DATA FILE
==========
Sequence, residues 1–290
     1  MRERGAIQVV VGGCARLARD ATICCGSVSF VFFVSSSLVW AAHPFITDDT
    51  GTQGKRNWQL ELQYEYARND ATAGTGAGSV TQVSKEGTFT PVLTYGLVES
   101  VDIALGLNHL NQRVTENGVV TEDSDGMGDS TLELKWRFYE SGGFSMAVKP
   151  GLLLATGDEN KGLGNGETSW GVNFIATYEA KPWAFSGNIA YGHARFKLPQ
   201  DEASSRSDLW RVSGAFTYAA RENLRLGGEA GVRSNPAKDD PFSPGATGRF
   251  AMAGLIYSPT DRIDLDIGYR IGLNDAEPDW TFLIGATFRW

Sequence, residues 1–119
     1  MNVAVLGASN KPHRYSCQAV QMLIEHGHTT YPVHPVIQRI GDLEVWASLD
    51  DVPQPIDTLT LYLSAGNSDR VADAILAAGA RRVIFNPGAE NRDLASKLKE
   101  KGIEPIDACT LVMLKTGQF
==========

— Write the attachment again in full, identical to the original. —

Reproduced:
Sequence, residues 1–290
     1  MRERGAIQVV VGGCARLARD ATICCGSVSF VFFVSSSLVW AAHPFITDDT
    51  GTQGKRNWQL ELQYEYARND ATAGTGAGSV TQVSKEGTFT PVLTYGLVES
   101  VDIALGLNHL NQRVTENGVV TEDSDGMGDS TLELKWRFYE SGGFSMAVKP
   151  GLLLATGDEN KGLGNGETSW GVNFIATYEA KPWAFSGNIA YGHARFKLPQ
   201  DEASSRSDLW RVSGAFTYAA RENLRLGGEA GVRSNPAKDD PFSPGATGRF
   251  AMAGLIYSPT DRIDLDIGYR IGLNDAEPDW TFLIGATFRW

Sequence, residues 1–119
     1  MNVAVLGASN KPHRYSCQAV QMLIEHGHTT YPVHPVIQRI GDLEVWASLD
    51  DVPQPIDTLT LYLSAGNSDR VADAILAAGA RRVIFNPGAE NRDLASKLKE
   101  KGIEPIDACT LVMLKTGQF